An advocacy group says the state Senate’s Independent Democratic Conference (IDC), including Sen. David Valesky of Oneida, helped deliver a larger state aid increase to private charter schools than to public schools, as a reward for campaign donations.
A report titled “Pay to Play: Charter Schools and the IDC,” was issued Thursday by the Alliance for Quality Education (AQE).
The group cites in its report that $677,000 has been donated since 2011 to IDC members
and the IDC campaign committee by charter school backers, including hedge fund managers and their political action
Among donations since 2011 cited in the AQE report, from charter school-affiliated individual and political action groups to IDC members and related committees, “Valesky for Senate” is listed as a recipient on about 11 separate dates.
Those donations totaled $18,500.
The report said the operating aid increase per pupil for charter schools in the 2017-18 state budget was twice as large as the increase for public schools in the per-student operating aid, also known as foundation aid.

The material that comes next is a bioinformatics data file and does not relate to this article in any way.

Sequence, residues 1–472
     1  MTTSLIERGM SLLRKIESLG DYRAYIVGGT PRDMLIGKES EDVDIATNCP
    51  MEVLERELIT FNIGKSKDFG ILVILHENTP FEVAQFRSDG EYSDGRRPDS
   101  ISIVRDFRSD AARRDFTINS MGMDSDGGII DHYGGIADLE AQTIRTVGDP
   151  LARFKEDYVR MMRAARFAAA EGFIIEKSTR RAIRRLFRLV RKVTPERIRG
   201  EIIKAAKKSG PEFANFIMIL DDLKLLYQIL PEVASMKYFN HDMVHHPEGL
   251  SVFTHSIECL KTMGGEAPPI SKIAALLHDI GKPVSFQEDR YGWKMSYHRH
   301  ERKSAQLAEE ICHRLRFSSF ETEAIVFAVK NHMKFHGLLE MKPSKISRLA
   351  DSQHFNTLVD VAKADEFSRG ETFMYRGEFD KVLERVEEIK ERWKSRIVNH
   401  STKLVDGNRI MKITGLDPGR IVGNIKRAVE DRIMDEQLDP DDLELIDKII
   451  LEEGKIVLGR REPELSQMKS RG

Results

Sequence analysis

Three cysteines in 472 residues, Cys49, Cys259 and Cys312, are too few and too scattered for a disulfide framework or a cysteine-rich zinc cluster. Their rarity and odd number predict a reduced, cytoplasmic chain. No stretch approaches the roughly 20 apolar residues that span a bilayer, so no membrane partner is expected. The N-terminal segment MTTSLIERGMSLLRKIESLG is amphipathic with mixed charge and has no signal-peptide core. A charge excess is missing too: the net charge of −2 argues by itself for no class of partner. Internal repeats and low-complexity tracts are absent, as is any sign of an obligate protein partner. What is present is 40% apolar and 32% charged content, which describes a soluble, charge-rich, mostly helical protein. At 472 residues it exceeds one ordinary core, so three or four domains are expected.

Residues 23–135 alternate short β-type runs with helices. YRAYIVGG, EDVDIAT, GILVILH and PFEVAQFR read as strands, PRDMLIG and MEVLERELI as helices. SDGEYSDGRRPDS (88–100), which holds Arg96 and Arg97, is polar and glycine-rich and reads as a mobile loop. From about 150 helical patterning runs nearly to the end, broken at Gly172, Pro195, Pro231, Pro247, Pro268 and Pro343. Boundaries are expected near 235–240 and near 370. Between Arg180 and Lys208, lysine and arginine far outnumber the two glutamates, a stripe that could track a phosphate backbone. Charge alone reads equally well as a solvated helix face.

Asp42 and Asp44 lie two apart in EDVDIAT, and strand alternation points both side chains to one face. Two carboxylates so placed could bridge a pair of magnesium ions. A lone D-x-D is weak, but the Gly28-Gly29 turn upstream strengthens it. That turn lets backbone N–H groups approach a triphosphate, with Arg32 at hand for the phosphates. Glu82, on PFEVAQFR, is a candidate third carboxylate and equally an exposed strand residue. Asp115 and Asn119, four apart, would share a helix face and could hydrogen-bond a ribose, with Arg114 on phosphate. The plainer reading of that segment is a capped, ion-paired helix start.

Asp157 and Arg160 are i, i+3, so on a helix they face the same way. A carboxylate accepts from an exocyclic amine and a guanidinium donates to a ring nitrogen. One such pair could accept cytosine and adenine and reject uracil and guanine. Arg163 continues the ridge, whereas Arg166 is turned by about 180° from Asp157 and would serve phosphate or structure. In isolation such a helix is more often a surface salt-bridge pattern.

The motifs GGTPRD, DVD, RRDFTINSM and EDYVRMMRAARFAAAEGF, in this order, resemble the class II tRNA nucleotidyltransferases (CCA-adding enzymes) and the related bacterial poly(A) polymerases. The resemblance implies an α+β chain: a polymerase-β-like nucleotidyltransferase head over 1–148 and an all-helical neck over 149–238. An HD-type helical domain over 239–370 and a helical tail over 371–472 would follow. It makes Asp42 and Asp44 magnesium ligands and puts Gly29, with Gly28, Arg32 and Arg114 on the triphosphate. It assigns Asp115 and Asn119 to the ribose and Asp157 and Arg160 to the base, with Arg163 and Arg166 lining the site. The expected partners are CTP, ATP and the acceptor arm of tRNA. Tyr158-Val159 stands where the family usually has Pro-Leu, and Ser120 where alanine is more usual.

The report showed “how the IDC worked to reward these charter school backers with their Republican Senate Coalition partners....,” said AQE.
“The IDC claims to champion public schools, but they can’t escape the numbers, which show that they have sold out to hedge-funder backed charter schools,” said AQE Executive Director Billy Easton.
The IDC is considered a faction of Democrats who ally with Republicans to give the Senate its majority, the Associated Press has said.
However, Valesky, D-53, on Thursday disagreed with the AQE statements.
“As a longtime supporter of education, I strongly advocated for additional school aid to be targeted to the public school districts that need it most, many of which are located in Central New York,” said Valesky.
“I will continue to work to ensure that schools receive sufficient and equitable aid to provide necessary resources to our students,” the Oneida Democrat added.
State aid for education in the 2017-18 state budget increased by more than $1 billion overall. It included increased funding for charter schools by $500 per pupil. The budget debate reflected a “funding tug-of-war between charter and traditional public schools,” chalkbeat.org said in April. The budget had “a set of compromises” for both sides, it said.
All school districts, meanwhile, were guaranteed a foundation aid increase in the 2017-18 budget of at least 2.74 percent over 2016-17 levels, the New York State School Boards Association said in April.